Gov. David Ige has extended his moratorium on construction of the Thirty Meter Telescope project until April 20. This stay gives the University of Hawaii Board of Regents an opportunity to take public testimony at a special meeting Thursday at 11:30 a.m., at UH Hilo.

The only item on that agenda is: “The Management of Mauna Kea and the Mauna Kea Science Reserve.” Mauna Kea protectors are hopeful that the board will reconsider approval of the sublease it granted on Feb. 20, 2014.

An examination of the approved minutes of that meeting reveals that many regents were not as prepared to raise critical concerns as they are today.

Supporters draped in the Hawaiian flags chant as they approach the Mauna Kea visitor center.  10 april 2015.  photograph by Cory Lum/Civil Beat

Supporters draped in the Hawaiian flags chant as they approach the Mauna Kea visitor center.

Cory Lum/Civil Beat

UH Hilo Chancellor Donald Straney walked regents through the agenda item, “Approval of Mauna Kea Sublease and Non-Exclusive Easement Agreement with TMT International Observatory, LLC.” After introducing his colleagues and providing a brief historical overview of the TMT project, Straney quickly cited the “full Environmental Impact Statement” (EIS) and its approval in 2009 and 2010 by then-Gov. Linda Lingle.

Straney also mentioned that the Mauna Kea Management Board approved the proposal, but on condition that the regents approve the sublease in open session.

Conditional approvals like this should be a red flag for the subsequent authorizing body to take a closer look at the content and context of the issue at hand. Had the board appreciated this call to action, and fully vetted the proposal with greater public outreach, the sublease might not have been granted.

Opportunity for Greater Public Input

One of the most important sections of the EIS is the Cultural Impact Assessment, or CIA. With the recent heightened media coverage, members of the public has been combing through the EIS and offering their own analysis of the comprehensive CIA.

As KawikaVilla commented recently on a column posted on, “They attempted to contact 60 people for their ‘assessment.’ They received 39 responses, and only 4 were in favor. Ten percent were in favor. Sixty people to represent the thoughts and beliefs of all native kanaka?!”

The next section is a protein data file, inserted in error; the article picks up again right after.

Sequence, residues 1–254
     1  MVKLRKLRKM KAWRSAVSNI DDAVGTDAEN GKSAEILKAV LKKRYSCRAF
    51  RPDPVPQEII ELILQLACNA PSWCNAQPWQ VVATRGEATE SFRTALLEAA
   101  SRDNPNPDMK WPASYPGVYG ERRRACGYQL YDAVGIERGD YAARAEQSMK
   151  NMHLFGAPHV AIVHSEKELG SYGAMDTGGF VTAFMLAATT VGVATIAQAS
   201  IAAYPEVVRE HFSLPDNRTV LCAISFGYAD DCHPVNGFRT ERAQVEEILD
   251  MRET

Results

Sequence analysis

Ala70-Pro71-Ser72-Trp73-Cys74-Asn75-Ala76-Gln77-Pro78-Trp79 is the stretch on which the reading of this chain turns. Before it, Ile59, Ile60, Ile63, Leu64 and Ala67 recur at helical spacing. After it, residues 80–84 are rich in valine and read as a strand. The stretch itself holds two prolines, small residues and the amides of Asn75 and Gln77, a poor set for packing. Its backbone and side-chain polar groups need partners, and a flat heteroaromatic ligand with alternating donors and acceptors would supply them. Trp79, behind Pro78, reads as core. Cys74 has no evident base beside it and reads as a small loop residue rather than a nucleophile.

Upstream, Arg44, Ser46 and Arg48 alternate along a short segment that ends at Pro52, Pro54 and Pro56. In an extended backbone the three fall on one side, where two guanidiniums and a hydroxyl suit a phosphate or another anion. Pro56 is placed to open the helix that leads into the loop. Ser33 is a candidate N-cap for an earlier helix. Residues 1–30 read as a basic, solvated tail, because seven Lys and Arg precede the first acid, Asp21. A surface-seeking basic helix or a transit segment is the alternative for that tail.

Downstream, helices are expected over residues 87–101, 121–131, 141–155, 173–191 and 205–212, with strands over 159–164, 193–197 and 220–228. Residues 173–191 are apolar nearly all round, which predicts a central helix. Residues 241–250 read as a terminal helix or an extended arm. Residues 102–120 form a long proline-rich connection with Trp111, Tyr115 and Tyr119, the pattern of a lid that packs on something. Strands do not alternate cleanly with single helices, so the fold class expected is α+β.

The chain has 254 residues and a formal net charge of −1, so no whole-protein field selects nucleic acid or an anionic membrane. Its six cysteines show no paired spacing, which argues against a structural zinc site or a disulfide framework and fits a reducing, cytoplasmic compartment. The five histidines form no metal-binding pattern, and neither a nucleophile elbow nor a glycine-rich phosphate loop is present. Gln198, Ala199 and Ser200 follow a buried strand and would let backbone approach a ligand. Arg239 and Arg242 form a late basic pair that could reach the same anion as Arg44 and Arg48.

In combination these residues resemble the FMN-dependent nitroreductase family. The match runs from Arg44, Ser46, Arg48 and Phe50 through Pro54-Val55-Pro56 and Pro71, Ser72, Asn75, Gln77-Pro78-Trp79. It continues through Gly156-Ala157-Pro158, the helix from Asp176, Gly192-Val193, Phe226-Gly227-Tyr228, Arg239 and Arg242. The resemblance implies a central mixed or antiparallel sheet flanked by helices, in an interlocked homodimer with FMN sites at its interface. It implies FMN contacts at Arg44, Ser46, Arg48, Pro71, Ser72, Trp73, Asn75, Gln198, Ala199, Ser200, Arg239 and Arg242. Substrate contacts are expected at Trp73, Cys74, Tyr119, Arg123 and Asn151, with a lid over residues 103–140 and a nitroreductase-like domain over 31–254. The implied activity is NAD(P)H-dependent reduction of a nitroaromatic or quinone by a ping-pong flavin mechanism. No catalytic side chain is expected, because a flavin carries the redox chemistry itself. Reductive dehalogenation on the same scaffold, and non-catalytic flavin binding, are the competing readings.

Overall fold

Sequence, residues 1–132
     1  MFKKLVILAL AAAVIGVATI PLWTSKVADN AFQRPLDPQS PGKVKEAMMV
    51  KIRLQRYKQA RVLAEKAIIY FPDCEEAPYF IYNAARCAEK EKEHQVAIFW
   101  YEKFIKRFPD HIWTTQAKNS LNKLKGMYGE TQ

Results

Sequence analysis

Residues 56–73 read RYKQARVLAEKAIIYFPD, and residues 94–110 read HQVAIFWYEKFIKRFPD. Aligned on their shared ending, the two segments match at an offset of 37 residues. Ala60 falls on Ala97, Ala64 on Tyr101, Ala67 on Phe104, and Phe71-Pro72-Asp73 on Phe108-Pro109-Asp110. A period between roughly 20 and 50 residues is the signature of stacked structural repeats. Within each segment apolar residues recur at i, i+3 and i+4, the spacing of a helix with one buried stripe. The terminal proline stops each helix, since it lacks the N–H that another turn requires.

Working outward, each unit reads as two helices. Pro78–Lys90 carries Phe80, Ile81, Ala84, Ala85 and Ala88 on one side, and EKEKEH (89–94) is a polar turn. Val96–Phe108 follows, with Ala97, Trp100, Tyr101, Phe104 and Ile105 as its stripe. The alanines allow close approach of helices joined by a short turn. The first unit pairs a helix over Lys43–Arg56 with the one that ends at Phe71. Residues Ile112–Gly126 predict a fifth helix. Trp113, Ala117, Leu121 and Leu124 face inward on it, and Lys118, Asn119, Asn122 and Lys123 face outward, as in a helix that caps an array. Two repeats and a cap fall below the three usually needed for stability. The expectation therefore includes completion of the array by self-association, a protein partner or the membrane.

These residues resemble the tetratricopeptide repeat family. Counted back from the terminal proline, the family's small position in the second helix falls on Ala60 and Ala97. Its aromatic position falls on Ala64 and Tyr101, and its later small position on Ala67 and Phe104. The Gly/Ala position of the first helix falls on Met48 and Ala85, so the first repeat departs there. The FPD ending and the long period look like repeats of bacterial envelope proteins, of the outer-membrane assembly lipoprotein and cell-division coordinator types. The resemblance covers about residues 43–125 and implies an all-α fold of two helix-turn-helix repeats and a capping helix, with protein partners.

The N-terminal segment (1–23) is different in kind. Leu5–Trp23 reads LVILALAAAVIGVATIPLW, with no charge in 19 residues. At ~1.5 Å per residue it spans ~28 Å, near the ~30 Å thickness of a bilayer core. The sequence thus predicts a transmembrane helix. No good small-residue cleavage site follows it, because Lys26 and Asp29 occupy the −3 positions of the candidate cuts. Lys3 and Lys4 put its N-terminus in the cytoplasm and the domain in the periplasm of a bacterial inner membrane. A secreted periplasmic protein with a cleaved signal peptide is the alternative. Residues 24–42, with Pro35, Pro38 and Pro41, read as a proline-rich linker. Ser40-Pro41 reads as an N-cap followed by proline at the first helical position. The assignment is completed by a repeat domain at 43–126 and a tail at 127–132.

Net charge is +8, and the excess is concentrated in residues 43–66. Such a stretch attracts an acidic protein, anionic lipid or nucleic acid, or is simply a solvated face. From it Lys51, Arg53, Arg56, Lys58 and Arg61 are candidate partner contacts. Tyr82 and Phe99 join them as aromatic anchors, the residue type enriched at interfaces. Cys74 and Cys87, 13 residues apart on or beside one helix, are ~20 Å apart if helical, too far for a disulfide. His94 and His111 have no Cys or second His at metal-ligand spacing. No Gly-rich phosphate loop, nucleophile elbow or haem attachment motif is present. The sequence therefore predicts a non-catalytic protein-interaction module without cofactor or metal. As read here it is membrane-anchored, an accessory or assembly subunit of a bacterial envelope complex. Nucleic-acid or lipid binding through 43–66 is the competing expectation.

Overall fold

The minutes of the February 2014 BOR meeting at UH Manoa reflect that several regents expressed concerns with the lack of outreach. After hearing many Manoa students testify in opposition to the project, Regent Chuck Gee, a self-described “strong advocate” of students, pointed out that testimony that day was 4:1 in opposition to the lease.

The minutes also captured Regent Jeffrey Portnoy’s comments on testimony provided by the Manoa students: “They felt rightfully wronged that they had not been included in of the outreach programs.” He continued, “There is a lesson that can be learned that there may be island-located matters that are really statewide in significance, particularly Mauna Kea and its relationship to the Hawaiian community, regardless of whether they live on the Big Island or are students at UHM on Oahu.”

Portnoy concluded, “In the future, when an issue like this can be anticipated, a larger effort can be made to engage more than just where the issue is domiciled.”

Arguably, that future is now, and the larger community is demanding that it be heard on this issue.

A Chance for OHA to Reconsider

When then-Regent John Dean asked Chancellor Straney for reassurances that there had been significant outreach toward the native people of Hawaii, Straney cited “several hundred meetings on the Big Island with various community members.” Then Dean inquired about the Office of Hawaiian Affairs’ position. Straney reportedly said he believed “the trustees of OHA did pass a resolution in support of the project.”

The resolution that Straney referred to was cited in the CIA: “Office of Hawaiian Affairs (OHA) adoption of a motion on July 2, 2009, that ‘In consideration of various cultural and economic factors, the OHA Board of Trustees resolves to support the selection of Maunakea, Hawai’i, as the site for the proposed Thirty Meter Telescope Project.’ ”